"My experience of joint departmental working has been catastrophic,” he said. “If you are a clever company you can work the system to your advantage but a normal punter becomes baffled and inhibited by the system.”

"I don't want it to be both departments. It will not work. In that kind of battleground, over a number of years, the DTI will set up a situation in which it will end up controlling the sector. I want to see the DCMS emerging as the lead department once the bill gets royal assent. If not, what you get is a crippled department and the prime minister will say sooner or later 'do we need this?'" Rumours have been rife for some time that the department may be closed down and its responsibilities distributed to other parts of government.


The Charlatans have denied split rumours that began after frontman Tim Burgess began work on a solo album. The band have said they intend to record a new album and single in the New Year, and will tour shortly afterwards. Via their website they told fans: "The Charlatans are not about to split. Tim has been working on his solo project in LA - all the band members do various other things in their time away from The Charlatans. Tony has recently completed some production work for Moco and Jon was also involved in the Preacher Man cover of 'Peaches' and has worked with Heidi Berry in the past. All this has no bearing whatsoever on the next Charlatans record, for which demoing will begin in January. We are also looking at limited live dates, scheduled for next year, and there will be a new single and an album.”


A national DJ competition run by bar chain Bar Med has reached is conclusion naming one Tom Harwood from Croydon as overall winner. He entered the competition at his local Bar Med in May, and impressed judges at a final in Shrewsbury on Wednesday night. As well as winning £3,500 worth of DJ equipment he will now play a warm up set for top UK DJ Tall Paul at The Gallery later this year.

Danny Newman, Musical Director of London club Turnmills and one of the judges at the final told us: "All the finalists rose to the occasion under extremely different conditions. The programming on the night provided an excellent showcase of all that's good in dance music just now."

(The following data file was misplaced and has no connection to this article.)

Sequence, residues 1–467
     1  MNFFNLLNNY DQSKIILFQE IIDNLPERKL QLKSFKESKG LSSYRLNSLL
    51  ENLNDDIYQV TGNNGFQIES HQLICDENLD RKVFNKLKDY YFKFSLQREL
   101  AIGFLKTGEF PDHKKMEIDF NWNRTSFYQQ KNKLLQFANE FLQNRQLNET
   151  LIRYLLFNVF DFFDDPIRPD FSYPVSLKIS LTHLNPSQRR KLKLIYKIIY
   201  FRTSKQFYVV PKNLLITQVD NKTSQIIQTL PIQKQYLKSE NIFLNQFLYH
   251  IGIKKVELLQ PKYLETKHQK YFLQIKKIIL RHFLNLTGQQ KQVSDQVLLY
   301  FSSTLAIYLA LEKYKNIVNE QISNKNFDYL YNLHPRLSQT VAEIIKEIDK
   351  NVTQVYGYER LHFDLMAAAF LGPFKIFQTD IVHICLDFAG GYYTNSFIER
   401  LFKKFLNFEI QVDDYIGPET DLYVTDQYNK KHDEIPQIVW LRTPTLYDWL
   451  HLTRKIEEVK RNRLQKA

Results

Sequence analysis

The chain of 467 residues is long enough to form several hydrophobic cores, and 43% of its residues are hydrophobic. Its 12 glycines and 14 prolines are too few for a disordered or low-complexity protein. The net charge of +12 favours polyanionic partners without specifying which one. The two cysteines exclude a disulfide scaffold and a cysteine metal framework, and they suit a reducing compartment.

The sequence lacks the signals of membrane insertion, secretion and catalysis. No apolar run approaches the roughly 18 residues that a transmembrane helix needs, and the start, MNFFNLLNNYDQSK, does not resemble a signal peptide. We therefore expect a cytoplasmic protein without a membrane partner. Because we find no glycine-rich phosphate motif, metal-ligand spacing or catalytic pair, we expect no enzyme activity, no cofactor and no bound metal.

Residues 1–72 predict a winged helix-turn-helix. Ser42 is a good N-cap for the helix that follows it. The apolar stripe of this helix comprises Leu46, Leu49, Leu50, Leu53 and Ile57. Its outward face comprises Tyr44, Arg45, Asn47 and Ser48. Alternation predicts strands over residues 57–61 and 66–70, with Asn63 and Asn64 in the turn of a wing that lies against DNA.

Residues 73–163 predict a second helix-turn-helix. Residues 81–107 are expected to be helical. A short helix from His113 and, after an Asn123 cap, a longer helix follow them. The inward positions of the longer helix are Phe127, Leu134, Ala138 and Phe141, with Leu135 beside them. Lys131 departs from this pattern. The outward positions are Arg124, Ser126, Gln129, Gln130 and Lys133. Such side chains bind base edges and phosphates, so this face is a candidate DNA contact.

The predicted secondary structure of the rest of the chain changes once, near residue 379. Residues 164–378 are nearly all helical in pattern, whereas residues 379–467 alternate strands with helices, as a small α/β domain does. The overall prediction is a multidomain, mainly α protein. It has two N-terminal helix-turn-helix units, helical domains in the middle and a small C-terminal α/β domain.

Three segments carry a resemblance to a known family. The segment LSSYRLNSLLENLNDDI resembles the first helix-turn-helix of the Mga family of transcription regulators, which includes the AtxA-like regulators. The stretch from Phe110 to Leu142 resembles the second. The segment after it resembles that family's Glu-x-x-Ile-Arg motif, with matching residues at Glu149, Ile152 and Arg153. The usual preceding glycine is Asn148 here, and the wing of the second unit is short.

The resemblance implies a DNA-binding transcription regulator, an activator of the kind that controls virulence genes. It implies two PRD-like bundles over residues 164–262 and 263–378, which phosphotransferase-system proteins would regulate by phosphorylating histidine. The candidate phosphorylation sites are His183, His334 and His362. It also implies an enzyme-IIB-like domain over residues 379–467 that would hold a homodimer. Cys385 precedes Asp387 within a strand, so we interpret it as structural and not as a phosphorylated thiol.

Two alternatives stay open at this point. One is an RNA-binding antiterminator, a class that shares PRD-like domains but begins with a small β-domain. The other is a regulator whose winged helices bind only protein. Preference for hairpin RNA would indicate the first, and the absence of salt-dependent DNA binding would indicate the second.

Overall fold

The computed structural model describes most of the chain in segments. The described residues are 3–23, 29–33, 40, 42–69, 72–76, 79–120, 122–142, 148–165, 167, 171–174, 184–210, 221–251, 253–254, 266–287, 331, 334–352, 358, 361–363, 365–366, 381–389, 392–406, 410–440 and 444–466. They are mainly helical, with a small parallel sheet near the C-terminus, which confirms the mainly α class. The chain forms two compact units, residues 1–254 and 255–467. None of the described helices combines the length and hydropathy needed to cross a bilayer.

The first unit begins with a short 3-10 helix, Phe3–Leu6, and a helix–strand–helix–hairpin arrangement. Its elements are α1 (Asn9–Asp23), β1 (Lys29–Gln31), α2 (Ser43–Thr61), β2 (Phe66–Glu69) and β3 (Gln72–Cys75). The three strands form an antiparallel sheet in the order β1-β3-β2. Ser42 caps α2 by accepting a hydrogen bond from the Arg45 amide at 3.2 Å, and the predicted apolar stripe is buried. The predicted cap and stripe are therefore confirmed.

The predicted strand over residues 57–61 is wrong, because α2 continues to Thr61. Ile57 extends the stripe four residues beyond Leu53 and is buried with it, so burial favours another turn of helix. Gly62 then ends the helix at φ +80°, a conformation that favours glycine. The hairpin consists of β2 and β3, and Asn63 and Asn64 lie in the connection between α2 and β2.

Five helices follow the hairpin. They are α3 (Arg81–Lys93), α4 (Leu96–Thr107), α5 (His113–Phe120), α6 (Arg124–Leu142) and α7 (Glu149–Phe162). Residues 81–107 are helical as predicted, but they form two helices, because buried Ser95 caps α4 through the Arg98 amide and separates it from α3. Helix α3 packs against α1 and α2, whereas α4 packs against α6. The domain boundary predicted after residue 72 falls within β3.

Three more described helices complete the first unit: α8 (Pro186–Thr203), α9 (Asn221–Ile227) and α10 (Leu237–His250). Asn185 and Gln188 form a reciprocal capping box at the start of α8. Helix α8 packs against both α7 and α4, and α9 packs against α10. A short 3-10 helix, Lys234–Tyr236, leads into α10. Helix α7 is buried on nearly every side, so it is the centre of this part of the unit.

Winner Tom Harwood told us: "I am ecstatic to have been given the opportunity via Bar Med's competition to showcase my set and I can't believe I am going to be playing alongside Tall Paul. All that plus the fantastic equipment is a dream come true."
Over 960 entries were received for the competition nationwide and following a series of bar heat finals, 28 aspiring DJ's went forward to regional finals in Guildford, Leicester, Harrogate, Oxford and Sutton in July, the winners of each going forward to the final this week. Press info on the event from Bronwen Mellor on 01423 565533.

Meanwhile elsewhere in the world of DJ competitions Motorola’s MixitMoto student DJ competition is reaching the climax of its regional heats. The competition, being held in students’ unions across the UK and Ireland, puts competing student DJs in as support for headline DJs like Yousef and Lottie. The best of those student DJs from each night will go forward to a final at the Ministry of Sound next month. Winners to date:

Cork University: Ciaran Wilkinson
University of Limerick: Brian Phelan
NUI Galway: Noel Lowry
Keele University: Paul Carrol
Stirling University: Sheridan Demyers
Cardiff University: Pete Kirk and Steve Wright
University of Central Lancashire, Preston: Paul Main

More info at (click on the MixitMoto button).


Boyband Blue are putting in their bid for the Christmas number one by teaming up with Elton John to record a new version of Elton's 1976 hit ‘Sorry Seems To Be The Hardest Word’. It will feature on the boy band’s next album ‘One Love’ out on 4 Nov, and will enter the Christmas number one race when it is released as a single in December. Tapping in to Blue and Elton’s collective fanbases might be enough to rival the two bands to come out of Popstars The Rivals – both highly tipped for the festival top spot.

Blue member Lee claims the track is one of his all time favourite songs. "We are all massive Elton fans, personally he has always been one of my musical heroes. It's an honour to have had the chance to record with him. I have always loved the song, it's classic Elton". There seems to be mutual admiration between the collaborators - Elton said of Blue's ‘All Rise’ album "it’s the best pop album of the year".